- For Intel, 2022 has become a black page amid the turnaround. Intel now needs to turn the page.
- Its (internal) progress in 2023 will determine whether it will sink or swim in 2024+. Intel previously failed in these final stretches of development, so the stakes are high.
- There are stark parallels with how AMD remained very cheap for very long, even though everyone knew it had Zen in the pipeline.
Nearly 1.5 years ago, new Intel (NASDAQ:INTC) CEO Pat Gelsinger promised investors a turnaround with 5 nodes in 4 years to catch up. While the first one has launched, the four others are quite back-end loaded, with the second only arriving by the end of 2023 in what some are speculating will be quite a low volume.
As such, most of the progress Intel is making to leapfrog its competitors such as AMD (AMD) and TSMC (TSM) is still occurring mostly internally. Nevertheless, the R&D that is ongoing – and still will be in 2023 – will determine whether Intel will be able to execute on its fast-paced roadmap in 2024. This means that as Intel progresses further along the timeline of its roadmap, the stakes are increasing. As a reminder, Intel bulls have had to endure many, many comments from bears about Intel’s appalling execution track record, yet as of currently it is still on track.
Although the stock price hasn’t decreased much further, it has remained fairly stable since I recommended the shares earlier this fall due to the shares potentially bottoming.
One can be quite brief in the review of 2022. Intel didn’t launch its major Sapphire Rapids Xeon or Ponte Vecchio GPU, neither did it launch the highly anticipated robotaxi business. Intel did ramp the successful Alder Lake CPUs and launched Raptor Lake this fall to overtake AMD in client core count (and has won at least one best-of-2022 award). Intel’s foray into discrete GPU can be called mediocre, which is what both Alchemist and Arctic Sound-M are. As consolation, there was the Blockscale bitcoin mining chip, as well as the passing of the CHIPS “fab subsidies” Act.
Behind the scenes, though, Intel continued its hiring spree, continued to execute its process roadmap “on or ahead of schedule”, and scored billions of dollars’ worth of foundry deals.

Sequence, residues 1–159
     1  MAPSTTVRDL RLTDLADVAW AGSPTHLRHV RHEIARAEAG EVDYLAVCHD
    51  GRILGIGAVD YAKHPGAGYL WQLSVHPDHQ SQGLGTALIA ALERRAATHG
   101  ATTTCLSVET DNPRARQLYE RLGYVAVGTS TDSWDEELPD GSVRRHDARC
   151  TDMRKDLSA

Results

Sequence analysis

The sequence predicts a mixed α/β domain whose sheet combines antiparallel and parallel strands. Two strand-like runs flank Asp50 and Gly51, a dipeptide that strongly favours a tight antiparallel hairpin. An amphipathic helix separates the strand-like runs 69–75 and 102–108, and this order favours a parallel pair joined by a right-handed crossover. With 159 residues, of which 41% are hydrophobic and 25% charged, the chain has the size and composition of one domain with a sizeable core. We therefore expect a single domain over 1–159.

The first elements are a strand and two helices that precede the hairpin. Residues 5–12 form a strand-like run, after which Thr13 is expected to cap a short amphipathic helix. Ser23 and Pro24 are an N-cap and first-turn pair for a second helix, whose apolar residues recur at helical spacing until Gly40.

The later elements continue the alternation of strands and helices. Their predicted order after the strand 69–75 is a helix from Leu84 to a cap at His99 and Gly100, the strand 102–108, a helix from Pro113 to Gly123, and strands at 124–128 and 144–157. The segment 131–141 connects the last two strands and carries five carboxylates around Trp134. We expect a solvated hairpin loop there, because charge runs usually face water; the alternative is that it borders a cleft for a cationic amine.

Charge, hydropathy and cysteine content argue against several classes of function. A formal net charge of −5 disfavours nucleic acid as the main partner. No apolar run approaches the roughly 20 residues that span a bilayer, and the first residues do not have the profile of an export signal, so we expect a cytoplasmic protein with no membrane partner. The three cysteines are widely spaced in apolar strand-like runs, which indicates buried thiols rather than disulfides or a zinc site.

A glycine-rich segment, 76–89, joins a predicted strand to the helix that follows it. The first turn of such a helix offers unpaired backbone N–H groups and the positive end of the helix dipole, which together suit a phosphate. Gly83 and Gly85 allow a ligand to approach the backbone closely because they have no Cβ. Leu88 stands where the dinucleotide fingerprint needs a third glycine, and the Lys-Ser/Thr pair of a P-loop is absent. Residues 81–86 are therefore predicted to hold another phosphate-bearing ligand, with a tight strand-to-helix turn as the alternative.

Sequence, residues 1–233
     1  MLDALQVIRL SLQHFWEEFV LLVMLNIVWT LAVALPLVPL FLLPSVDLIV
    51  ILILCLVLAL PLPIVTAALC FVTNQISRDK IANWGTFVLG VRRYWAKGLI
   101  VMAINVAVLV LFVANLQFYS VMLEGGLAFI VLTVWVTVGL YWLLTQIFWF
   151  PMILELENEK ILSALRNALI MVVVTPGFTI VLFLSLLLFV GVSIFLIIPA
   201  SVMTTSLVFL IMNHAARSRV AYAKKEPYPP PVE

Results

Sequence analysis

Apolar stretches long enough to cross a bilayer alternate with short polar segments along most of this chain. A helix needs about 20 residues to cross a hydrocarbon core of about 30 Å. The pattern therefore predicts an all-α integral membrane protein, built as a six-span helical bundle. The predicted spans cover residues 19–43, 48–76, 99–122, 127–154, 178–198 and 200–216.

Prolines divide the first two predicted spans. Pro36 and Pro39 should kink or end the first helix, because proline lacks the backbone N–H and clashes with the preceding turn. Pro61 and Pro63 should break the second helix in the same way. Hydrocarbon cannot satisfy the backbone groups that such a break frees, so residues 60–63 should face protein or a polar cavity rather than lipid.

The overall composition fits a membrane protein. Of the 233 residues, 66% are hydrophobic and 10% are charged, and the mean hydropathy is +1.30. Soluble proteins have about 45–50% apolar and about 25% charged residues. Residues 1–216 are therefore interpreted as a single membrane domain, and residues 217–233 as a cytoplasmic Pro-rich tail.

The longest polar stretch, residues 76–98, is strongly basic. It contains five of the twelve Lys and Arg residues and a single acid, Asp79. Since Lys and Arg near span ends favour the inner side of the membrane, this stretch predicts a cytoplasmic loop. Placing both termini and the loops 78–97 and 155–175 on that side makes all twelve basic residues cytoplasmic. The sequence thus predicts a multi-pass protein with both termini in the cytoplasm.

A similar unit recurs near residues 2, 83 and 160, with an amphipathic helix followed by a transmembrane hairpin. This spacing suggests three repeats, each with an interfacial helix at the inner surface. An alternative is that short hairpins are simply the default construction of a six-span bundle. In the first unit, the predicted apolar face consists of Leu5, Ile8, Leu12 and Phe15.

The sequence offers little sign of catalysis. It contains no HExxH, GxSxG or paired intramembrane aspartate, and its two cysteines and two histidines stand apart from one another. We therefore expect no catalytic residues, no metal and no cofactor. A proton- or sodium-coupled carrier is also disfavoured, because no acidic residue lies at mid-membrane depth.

Looking ahead to 2023
So with no or hardly any progress visible in 2023, the second year of Pat Gelsinger’s tenure, this brings us to 2023. Alas, it appears that most of the progress in 2023 will likewise remain only visible behind the scenes.
On the client side, it now seems certain that Meteor Lake is a late instead of early 2023 product, as prior CEO Bob Swan once promised. Note that on the data center side, Intel has talked about it reshuffled roadmap as a “simplification”, so perhaps Intel simply decided that it didn’t make sense to launch Meteor Lake (14th Gen) pretty much simultaneously with Raptor Lake (13th Gen).
Nevertheless, as discussed earlier this year, there may be other reasons for the delay. The first possibility is that the Intel 4 progress perhaps hasn’t continued as quickly, although Intel recently said Intel 4 is now “manufacturing-ready” (technically this is on schedule, although it is in the latter part of the H2’22 six-month window).
Another, more likely, reason is the delay of TSMC’s 3nm process, as discussed a year ago. One piece of evidence for this hypothesis are the various trips Pat Gelsinger made to Taiwan, although this might be reversing cause and effect. The main evidence is the rumor that Meteor Lake will only have 128EUs (execution units), despite that there is unambiguous evidence from Intel itself that Meteor Lake was supposed to double the EU count (to 192), with another doubling expected for Arrow Lake in 2024.
As discussed earlier this year, the most logical explanation for this downgrade is that Meteor Lake was once supposed to use TSMC’s N3 process (although never confirmed), but Intel confirmed this summer that it will use N5. Since N5 has around 1.5x lower density than N3, this could explain the 1.5x downgraded specs. In addition, this change may also have contributed or have been directly responsible for its delay to late 2023. Nevertheless, intel has directly denied this hypothesis, saying that the node for GPU in Meteor Lake hasn’t changed. Of course, this may just be PR damage control.